Eden-Monaro and Gilmore will be better prepared to respond to future natural disasters thanks to an upgrade to emergency warnings and alerts, as well as improved communication for first responders, that will be rolled out through the Albanese Government’s Federal Budget.
The Government is rolling out a new National Messaging System (NMS) which will use state-of-the-art technology to significantly enhance how emergency messages are delivered to mobile devices during a crisis or emergency event, in near real time.
Drawing on technology currently used overseas, the speed and effectiveness of the NMS will substantially improve Australia’s ability to send prioritised warnings from trusted sources, to prevent the loss of life, injury, damage to property, and mitigate the spread of misinformation during disasters.
Near instant access to data, images and information in critical situations will be enabled along with real time, data-rich analytics, situational awareness and cross-border communications between, for example, ground crews, aerial assets and incident control centres.
The new technology will allow Governments to send messages in English and a second language, in order to provide accurate, official information to multicultural communities, helping them to understand the risks and make appropriate decisions about their personal safety.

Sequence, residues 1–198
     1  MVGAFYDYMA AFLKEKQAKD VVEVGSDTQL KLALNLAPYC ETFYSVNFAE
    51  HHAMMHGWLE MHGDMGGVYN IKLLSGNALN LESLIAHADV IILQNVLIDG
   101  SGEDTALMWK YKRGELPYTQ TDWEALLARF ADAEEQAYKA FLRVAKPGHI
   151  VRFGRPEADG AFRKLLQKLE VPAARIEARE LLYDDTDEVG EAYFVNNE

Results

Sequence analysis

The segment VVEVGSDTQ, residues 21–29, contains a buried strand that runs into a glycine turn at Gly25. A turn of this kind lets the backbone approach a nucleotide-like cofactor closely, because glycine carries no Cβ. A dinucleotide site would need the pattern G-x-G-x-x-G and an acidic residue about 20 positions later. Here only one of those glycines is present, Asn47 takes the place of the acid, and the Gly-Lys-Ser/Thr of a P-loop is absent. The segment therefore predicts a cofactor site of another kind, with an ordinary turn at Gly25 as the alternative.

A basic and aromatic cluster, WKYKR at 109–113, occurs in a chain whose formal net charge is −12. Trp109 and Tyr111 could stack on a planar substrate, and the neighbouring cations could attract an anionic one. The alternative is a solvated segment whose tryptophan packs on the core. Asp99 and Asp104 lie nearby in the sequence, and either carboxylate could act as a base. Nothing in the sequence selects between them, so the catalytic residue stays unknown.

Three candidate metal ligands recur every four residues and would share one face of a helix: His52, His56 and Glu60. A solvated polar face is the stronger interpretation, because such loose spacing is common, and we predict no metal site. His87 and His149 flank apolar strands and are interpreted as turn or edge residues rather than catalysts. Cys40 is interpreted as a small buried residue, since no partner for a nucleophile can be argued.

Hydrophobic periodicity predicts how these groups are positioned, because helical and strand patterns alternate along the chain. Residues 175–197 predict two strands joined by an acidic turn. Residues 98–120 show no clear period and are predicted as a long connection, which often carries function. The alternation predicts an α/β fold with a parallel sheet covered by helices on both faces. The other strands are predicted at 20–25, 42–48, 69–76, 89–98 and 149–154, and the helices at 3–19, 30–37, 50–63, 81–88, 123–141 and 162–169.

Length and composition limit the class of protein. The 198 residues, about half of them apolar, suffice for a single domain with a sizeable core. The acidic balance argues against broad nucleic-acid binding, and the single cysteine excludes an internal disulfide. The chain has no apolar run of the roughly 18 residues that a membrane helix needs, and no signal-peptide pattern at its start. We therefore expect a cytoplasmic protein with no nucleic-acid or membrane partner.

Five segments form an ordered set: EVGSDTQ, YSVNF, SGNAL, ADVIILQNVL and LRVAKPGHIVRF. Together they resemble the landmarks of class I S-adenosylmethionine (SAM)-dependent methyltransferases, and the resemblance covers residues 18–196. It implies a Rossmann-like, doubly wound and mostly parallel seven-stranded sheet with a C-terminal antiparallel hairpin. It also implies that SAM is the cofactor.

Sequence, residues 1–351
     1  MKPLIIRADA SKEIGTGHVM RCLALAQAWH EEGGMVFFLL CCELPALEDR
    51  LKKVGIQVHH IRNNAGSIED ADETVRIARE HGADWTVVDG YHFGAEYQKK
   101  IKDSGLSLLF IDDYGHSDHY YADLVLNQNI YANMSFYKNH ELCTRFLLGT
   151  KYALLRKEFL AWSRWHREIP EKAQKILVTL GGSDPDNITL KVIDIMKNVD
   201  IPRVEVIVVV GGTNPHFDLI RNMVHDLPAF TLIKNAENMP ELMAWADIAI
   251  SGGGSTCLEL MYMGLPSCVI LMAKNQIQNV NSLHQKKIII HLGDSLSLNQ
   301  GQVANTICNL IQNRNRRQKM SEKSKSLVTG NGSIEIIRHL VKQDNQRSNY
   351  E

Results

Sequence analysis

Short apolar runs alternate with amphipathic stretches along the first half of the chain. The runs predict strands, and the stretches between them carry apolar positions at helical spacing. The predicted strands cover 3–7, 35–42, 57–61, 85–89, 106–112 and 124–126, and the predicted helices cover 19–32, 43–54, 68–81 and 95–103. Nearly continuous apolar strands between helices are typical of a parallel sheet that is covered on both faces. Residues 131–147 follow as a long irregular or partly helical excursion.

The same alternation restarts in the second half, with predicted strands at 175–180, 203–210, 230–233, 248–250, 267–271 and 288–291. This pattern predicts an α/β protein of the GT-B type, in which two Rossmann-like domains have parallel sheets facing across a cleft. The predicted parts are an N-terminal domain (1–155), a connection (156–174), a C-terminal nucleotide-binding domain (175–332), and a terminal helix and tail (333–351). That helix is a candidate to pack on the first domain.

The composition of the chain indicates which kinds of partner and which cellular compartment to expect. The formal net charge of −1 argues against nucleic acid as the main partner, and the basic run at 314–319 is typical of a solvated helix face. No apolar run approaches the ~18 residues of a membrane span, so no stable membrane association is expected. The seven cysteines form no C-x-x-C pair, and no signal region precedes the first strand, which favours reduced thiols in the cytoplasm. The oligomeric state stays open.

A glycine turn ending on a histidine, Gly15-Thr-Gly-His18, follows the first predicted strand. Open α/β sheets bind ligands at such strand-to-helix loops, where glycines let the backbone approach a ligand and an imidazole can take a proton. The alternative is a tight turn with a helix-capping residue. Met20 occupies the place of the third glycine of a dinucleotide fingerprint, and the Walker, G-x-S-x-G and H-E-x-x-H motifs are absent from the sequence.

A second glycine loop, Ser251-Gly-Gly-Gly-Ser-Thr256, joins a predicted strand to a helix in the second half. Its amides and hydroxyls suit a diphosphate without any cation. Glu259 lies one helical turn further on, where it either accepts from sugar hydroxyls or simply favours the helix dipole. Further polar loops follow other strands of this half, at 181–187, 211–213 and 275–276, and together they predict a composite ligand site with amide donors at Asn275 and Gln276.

It is anticipated that the NMS will be designed, built and tested over the next 18 months, becoming operational by late 2024.
The Albanese Government has also committed $10.1 million to establish a central Taskforce to drive the delivery of a Public Safety Mobile Broadband (PSMB) capability.
The PSMB was a key recommendation of the 2020 Royal Commission into National Natural Disaster Arrangements.
Minister for Regional Development, Local Government and Territories, and Member for Eden-Monaro, Kristy McBain said the change would support the coordination of responses across organisational and state and territory boundaries, as well as enhance the ability of authorities to manage emergencies, hazards and threats.
“Since 2016 there have been 35 declared natural disaster events in the Eden-Monaro, including bushfires, severe storms and floods – and during many of these events, we were totally disconnected from the critical safety information we needed,” Ms McBain said.
“We know that during a disaster every second is critical, which is why we are giving residents and first responders in Eden-Monaro more warning, to help keep them safe from harm and to mitigate damage to property,” she said.
“Our investment in an enhanced mobile broadband service will provide Public Safety Agencies and first responders with fast and secure voice, video and data communications.
Image: Kristy McBain